WASHINGTON - The Federal Reserve's monetary stimulus is helping the U.S. economy recover but the central bank needs to see further signs of traction before taking its foot off the gas, Fed Chairman Ben Bernanke said on Wednesday.
LONDON - From ketchup to hot drinks, family-run investment firms are shaking up the consumer deals market, squeezing out private equity players and forcing them to change strategy.
BEIJING/HONG KONG - China reiterated its opposition on Thursday to a European Union plan to limit airline carbon dioxide emissions and called for talks to resolve the issue a day after its major airlines refused to pay any carbon costs under the new law.
South Africa's Absa buys store card business for $1.2 billion
JOHANNESBURG (Reuters) - South African bank Absa (ASAJ.J) will pay $1.2 billion for the store credit card business of unlisted domestic retailer Edcon, it said on Wednesday, bulking up its presence in the high-margin but riskier unsecured lending market.
Under the deal, Absa, majority-owned by Britain's Barclays Plc (BARC.L), will also extend credit and sell other financial products to the nearly 4 million customers of South Africa's biggest clothing retailer.
Banks in Africa's top economy have been pushing into the lucrative unsecured loan market, which relies solely on the customer's promise to pay back debt, to offset weak corporate demand for credit.
However, household debt stands at a dangerously high level of 70 percent of disposable income, and the central bank fears that may get worse as banks expand into the sector.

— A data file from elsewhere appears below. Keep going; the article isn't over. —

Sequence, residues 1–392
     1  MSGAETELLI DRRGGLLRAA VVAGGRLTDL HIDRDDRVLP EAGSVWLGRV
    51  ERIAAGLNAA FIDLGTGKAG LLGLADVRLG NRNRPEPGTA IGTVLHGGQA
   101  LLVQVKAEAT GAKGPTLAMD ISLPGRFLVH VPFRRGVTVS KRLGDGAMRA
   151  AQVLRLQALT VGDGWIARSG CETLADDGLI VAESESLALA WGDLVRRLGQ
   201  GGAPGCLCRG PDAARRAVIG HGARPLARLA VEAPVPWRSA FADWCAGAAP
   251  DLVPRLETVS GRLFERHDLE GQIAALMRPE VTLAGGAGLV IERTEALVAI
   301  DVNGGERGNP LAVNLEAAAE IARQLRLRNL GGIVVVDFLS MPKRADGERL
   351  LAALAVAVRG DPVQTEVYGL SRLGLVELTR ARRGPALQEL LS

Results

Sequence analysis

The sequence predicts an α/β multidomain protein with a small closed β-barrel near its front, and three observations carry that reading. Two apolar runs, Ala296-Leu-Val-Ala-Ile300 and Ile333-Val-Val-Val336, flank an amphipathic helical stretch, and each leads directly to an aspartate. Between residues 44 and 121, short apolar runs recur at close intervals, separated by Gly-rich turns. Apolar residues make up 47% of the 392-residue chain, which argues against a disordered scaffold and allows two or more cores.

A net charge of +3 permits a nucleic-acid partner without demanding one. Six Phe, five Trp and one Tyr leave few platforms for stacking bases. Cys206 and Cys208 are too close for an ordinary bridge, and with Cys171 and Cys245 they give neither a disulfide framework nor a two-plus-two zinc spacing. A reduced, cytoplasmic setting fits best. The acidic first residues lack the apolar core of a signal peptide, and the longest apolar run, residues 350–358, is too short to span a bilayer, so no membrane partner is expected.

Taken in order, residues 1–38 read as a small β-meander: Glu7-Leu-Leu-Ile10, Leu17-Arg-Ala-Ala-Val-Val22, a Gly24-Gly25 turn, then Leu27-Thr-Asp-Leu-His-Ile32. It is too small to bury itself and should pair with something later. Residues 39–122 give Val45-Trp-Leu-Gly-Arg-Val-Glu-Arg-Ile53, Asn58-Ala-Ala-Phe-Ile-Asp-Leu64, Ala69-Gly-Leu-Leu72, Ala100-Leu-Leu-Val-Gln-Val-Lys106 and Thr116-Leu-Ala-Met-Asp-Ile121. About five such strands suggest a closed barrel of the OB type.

Edcon's store card business operates primarily in South Africa, with smaller operations in Botswana, Namibia, Lesotho and Swaziland.
Absa, South Africa's biggest retail bank, which competes with Standard Bank (SBKJ.J), Nedbank (NEDJ.J) and FirstRand (FSRJ.J), said it also planned to buy the business in neighboring countries. The deal should close in the second half of the year.
Edcon, which operates Edgars, Jet and Can stores, reported sales of nearly 30 billion rand ($3.55 billion) in the year to end-March. The percentage of bad debts on its store cards declined to 6.9 percent from 10.9 percent a year earlier.
"Provided there's no shock to the system with interest rates going up rapidly or an increase in unemployment, it could result in bad debts improving further," said Faizal Moolla, an analyst at Avior Research.
Edcon was bought in 2007 by Bain Capital LLC in a $3.5 billion deal that took the retailer private and marked the country's biggest private equity deal.
Shares in Absa (ASAJ.J) were up 0.16 percent at 151.14 rand by 7:39 a.m. EDT (1139 GMT), slightly under-performing a 0.9 percent gain in the JSE Top-40 index .JTOPI.
(Editing by Ed Cropley and Helen Massy-Beresford)
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